|Air Flow||2500 CFM|
|Mounting Type||Floor Mounted|
|Country of Origin||Made in India|
Now a days industries required to club all cooling load and installing central chilling plant to get better effciency. if plant is so large then its very difficult to communicate the all places requirement and modulation of central with individual. Hydropneumatic pump skid with VFD is best option for this type of application. With the help of hydro system system will reduce numer of automation and control with more easy and better saving than other. Central chiller plant pump skid required maintain proper pressure in discharge and getting proper feedback of required in plant by observing discharge header pressure. We recently executed similar kind of project capacity of 5000 Tr centrally located and cattering for 4 differnt large spaces. Total Plant bassed on Hydropneumatic concept, if any hanger reduce load then Hydrophnumatic pump system automaticlly sense pressure and controll as per load changes.
From the traditional to the most innovative, there are several drying solutions for your industrial process. Depending on your needs, the processing time, the product final quality or the efficiency of the process can vary considerably. Here is an overview of the different drying methods used depending on the applications and products.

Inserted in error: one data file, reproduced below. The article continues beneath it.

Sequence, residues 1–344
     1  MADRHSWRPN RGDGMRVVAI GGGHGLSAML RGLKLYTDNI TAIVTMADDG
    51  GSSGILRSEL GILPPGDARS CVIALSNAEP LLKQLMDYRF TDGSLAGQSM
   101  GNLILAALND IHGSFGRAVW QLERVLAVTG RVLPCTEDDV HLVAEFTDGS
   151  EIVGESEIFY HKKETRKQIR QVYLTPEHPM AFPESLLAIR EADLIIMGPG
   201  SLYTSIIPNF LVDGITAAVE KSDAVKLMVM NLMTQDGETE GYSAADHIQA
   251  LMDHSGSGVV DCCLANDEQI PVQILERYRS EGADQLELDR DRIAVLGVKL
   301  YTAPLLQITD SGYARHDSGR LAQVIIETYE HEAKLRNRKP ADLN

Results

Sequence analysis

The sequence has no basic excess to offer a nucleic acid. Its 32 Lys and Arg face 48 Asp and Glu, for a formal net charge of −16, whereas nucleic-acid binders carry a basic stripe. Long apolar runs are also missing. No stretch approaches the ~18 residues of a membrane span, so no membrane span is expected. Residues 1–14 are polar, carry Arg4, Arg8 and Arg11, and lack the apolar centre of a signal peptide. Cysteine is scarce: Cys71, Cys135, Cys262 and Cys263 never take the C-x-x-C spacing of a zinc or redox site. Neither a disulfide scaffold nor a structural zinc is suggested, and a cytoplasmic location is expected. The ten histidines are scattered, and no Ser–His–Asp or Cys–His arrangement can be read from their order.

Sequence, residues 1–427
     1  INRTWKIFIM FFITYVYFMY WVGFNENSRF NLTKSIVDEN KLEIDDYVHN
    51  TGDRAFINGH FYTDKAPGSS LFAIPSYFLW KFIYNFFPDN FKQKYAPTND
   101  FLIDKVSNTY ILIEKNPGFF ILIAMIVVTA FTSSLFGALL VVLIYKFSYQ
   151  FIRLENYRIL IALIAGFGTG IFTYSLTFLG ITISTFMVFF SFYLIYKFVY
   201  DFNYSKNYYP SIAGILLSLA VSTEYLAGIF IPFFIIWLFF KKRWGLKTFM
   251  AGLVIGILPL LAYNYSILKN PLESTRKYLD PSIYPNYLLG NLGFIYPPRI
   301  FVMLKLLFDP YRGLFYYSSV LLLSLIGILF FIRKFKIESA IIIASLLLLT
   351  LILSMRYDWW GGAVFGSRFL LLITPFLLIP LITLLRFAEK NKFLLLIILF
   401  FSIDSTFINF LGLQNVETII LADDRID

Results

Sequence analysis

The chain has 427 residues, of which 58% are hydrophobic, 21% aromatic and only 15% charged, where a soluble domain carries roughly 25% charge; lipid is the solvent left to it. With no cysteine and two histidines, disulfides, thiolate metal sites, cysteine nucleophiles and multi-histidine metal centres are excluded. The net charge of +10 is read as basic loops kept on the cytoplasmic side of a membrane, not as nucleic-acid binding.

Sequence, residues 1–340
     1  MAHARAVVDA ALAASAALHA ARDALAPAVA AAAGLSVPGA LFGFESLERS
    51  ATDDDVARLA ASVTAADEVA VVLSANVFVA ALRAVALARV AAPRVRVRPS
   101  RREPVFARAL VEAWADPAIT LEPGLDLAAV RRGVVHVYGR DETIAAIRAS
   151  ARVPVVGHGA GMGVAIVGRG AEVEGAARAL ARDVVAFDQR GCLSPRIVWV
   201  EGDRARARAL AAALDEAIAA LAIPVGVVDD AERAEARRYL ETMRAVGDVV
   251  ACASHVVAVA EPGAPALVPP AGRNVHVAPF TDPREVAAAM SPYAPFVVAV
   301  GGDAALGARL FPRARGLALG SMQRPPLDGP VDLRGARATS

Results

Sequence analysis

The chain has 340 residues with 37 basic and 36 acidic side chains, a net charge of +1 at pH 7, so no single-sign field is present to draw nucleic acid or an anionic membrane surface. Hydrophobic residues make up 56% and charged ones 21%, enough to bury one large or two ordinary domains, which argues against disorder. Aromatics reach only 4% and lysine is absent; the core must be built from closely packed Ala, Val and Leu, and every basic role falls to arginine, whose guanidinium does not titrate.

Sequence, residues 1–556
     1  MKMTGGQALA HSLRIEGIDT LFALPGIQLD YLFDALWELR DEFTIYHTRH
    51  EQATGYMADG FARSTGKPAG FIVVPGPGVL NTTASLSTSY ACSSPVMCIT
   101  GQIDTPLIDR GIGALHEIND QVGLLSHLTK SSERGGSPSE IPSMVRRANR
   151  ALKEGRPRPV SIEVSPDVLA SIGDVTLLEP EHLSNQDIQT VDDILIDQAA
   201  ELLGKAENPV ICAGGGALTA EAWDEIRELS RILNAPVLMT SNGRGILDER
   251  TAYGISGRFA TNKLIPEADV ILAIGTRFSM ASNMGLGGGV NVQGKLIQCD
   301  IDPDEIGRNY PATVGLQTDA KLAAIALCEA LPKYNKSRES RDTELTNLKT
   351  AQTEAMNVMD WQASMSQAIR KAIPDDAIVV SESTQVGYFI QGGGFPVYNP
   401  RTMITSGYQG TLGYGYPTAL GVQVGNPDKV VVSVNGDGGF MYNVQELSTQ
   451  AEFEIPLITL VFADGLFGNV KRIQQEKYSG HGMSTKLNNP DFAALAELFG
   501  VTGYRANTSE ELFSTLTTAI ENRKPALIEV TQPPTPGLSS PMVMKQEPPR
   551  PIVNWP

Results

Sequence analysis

There are a lot of different drying methods. The most common are sun drying, hot air drying, contact drying, infrared drying, freeze-drying, fluidized bed drying, and dielectric drying.
Depending on the nature of the products to be treated, either foodstuff or industrial material, these methods prove to be more or less adapted.
Hot air drying is the most common drying method as of today. It is simple and effective for sturdy industrial and food products and an inexpensive solution.
However, this process can completely dehydrate the product surface, leading to cracks or heterogeneous results. It can also be a slow process depending on the product and the permissible drying temperature.
Drying by exposure to the sun is the oldest and most economical solution. It is well adapted for traditional fruits and vegetables drying in remote areas, like apricots and tomatoes, although it doesn’t preserve all the product properties and vitamins.
But this method requires a lot of space and time, and offer few process control.
This drying method consists in drying a product by putting it in contact with heated walls. Most of the time the drying happens in rotating drums for a better homogeneity. This technology is mostly used in heavy industry drying processes.